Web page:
While the Religious Right was never fond of Thomas Jefferson, their misplaced disdain for the Founding Father has again come to the surface with the publication of a new "Jefferson Bible." Earlier this month, Humanist Press published A Jefferson Bible for the Twenty-First Century, a book that includes the famously edited version of the Bible Jefferson created for his own use. His version deliberately omitted all the supernatural parts: the miracles, the resurrection, the virgin birth, etc. The new book not only includes everything Jefferson left in, it also includes a section with examples of what he left out as "dross." Then it repeats the same exercise for other major scriptures: the Hebrew Bible, the Quran, the Bhagavad-Gita, Buddhist sutras, and even the Book of Mormon.

Not surprisingly, the Christian Right is howling in protest.

Rev. Bradlee Dean, in his recent commentary in Whistleblower entitled "Enemy of God = Enemy of America," makes the astonishing claim that the Jefferson Bible "is filled with accounts of miracles, raising the dead, healing lepers, multiplying food for thousands, heaven, hell, the resurrection and the Son of God!" Astonishing, because the indisputable fact is that Jefferson's collection contains no miracles, no raising the dead, no healing of lepers, no multiplying food for thousands, and no resurrection.

But don't believe me? Look it up. The exact text of the Jefferson Bible is available free online at numerous locations, including the University of Virginia website. The enhanced edition, highlighting the miracles, what Jefferson chose to cut out and according similar treatment to other major scriptures, is available from www.humanistpress.com. Nary will a miracle be found!

Rev. Dean goes on to characterize humanists as "enemies of America" who "are willing to play the minions to help constitute foreign government (the Quran, etc.) over that of American government (the Bible)." A curious thought, given that the book he condemns gives exactly the same treatment to the Quran as it does to the Bible: listing candidates for both the positive sayings and the outlandish or immoral statements. Both books are well worth the exercise of separating the gold from the dross, as Jefferson did with the Gospels.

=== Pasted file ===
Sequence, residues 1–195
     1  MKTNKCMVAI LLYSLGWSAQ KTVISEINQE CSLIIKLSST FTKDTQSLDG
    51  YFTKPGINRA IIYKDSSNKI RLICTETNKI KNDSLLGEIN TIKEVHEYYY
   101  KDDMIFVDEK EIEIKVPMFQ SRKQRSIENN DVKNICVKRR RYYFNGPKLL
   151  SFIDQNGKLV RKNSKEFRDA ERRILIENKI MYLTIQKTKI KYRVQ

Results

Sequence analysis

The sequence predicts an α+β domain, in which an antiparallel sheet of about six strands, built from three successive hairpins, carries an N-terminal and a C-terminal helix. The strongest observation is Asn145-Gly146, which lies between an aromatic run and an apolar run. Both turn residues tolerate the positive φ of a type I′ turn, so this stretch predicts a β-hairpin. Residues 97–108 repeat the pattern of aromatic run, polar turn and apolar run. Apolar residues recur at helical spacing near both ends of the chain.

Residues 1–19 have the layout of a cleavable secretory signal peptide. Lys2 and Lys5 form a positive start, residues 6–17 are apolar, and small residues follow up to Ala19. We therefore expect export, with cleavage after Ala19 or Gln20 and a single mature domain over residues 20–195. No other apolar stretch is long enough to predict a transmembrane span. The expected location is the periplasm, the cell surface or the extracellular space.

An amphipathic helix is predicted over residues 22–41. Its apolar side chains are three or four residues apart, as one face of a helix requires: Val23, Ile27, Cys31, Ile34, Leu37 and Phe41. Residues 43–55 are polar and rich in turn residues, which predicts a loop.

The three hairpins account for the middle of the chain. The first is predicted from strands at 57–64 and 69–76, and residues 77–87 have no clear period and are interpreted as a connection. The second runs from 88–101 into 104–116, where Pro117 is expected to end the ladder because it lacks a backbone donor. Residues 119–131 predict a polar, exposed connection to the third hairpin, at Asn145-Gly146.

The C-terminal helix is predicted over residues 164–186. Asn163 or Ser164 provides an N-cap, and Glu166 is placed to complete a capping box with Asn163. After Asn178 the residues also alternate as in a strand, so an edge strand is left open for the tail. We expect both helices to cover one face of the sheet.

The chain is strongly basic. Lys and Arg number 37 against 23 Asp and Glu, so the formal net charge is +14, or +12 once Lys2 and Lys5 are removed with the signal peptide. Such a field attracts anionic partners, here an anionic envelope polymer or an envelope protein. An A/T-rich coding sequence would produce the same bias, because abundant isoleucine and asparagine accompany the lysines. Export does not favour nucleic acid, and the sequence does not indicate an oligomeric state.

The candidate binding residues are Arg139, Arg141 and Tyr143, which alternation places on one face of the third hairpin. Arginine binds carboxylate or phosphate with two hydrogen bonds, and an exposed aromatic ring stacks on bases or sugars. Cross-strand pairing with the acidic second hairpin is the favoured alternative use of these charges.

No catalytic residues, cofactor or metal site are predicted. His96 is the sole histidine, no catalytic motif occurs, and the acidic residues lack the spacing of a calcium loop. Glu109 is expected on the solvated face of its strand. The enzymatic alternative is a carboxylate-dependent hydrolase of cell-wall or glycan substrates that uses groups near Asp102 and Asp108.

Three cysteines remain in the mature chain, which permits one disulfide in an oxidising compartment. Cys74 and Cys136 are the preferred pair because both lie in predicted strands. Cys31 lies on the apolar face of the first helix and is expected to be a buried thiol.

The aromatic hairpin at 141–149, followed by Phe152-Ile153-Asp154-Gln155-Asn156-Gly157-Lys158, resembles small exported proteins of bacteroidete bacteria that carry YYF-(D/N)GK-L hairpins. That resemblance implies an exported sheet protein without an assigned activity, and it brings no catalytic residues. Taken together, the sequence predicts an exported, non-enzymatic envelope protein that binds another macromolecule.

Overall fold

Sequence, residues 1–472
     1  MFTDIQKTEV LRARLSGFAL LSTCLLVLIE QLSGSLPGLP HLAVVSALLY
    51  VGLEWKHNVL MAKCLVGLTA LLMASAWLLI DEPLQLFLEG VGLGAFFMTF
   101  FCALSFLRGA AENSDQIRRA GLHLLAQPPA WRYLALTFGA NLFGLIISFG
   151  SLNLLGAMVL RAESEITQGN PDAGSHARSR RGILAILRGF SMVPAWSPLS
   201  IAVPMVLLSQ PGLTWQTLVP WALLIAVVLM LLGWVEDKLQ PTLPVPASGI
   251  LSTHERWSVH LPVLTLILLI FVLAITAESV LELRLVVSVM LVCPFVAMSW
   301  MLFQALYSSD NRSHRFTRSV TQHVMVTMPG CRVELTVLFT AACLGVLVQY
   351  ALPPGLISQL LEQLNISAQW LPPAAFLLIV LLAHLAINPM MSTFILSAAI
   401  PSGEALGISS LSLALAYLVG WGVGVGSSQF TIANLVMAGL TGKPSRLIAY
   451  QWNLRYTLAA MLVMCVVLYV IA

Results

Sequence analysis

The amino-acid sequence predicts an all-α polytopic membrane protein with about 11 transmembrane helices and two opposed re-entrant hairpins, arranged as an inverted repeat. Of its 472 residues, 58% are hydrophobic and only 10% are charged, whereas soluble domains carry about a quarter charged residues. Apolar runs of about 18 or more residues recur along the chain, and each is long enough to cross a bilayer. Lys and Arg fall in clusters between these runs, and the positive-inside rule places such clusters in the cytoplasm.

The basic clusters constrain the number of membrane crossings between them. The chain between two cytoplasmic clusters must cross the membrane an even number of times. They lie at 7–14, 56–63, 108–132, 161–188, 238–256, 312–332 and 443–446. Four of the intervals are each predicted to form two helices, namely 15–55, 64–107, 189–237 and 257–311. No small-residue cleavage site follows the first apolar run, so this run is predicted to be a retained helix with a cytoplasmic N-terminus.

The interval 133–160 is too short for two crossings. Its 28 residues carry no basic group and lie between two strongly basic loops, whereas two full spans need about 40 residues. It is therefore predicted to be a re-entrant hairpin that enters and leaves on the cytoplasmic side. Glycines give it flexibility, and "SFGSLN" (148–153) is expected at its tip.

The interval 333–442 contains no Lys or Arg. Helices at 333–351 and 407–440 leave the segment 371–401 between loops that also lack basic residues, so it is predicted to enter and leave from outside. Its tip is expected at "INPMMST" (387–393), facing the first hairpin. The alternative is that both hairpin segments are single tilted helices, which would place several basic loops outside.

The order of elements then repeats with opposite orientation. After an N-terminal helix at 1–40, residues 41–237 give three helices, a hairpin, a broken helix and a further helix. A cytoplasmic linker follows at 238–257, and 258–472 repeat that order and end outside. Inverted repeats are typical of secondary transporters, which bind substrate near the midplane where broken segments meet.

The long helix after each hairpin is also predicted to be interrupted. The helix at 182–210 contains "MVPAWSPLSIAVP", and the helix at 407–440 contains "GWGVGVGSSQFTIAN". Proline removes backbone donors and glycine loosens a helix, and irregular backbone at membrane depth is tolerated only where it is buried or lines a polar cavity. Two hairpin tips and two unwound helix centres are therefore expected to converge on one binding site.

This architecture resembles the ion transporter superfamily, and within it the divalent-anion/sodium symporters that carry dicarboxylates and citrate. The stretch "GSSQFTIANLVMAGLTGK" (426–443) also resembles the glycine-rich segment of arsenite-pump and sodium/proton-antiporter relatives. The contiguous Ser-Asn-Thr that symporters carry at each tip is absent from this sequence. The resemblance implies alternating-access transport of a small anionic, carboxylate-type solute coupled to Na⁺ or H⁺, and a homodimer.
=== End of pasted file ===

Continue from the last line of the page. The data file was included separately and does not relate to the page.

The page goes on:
Then there is Richard Glickstein, president of the National Bible Association, who blasts Jefferson for dying as a "penniless scoundrel." Glickstein says that his ideal of a president is Theodore Roosevelt, who urged that "no man, educated or uneducated, can afford to be ignorant of the Bible." What Glickstein fails to mention is that it was precisely during Roosevelt's administration that Congress printed 9,000 copies of the Jefferson Bible for its own use.

Then there is the Pennsylvania Pastors Network, bizarrely demanding that "this new attempt to replace God's Holy Word, the Bible, with man's words and still call it a Bible should be rejected." Reproducing Jefferson's 200-year-old effort is hardly "new," and not a single word of the Bible is "replaced," either by Jefferson or in the new edition.

In not-so-distant times, Christian God experts publicly burned books they didn't like. Now the Pastors Network "condemns the re-written version and calls on all who receive it to either return or get rid of it." Why are they so terrified? The truth of the matter, humanists think, is that the Bible, the Quran, the Bhagavad-Gita, the Buddhist sutras, and the Book of Mormon are not the work of supernatural spirits, but of fallible humans. That's why they contain a mix of good ideas and bad ideas. Highlighting the best and worst ideas in that mix helps demonstrate just how human the authors were—which could put those who make their living by claiming otherwise out of business.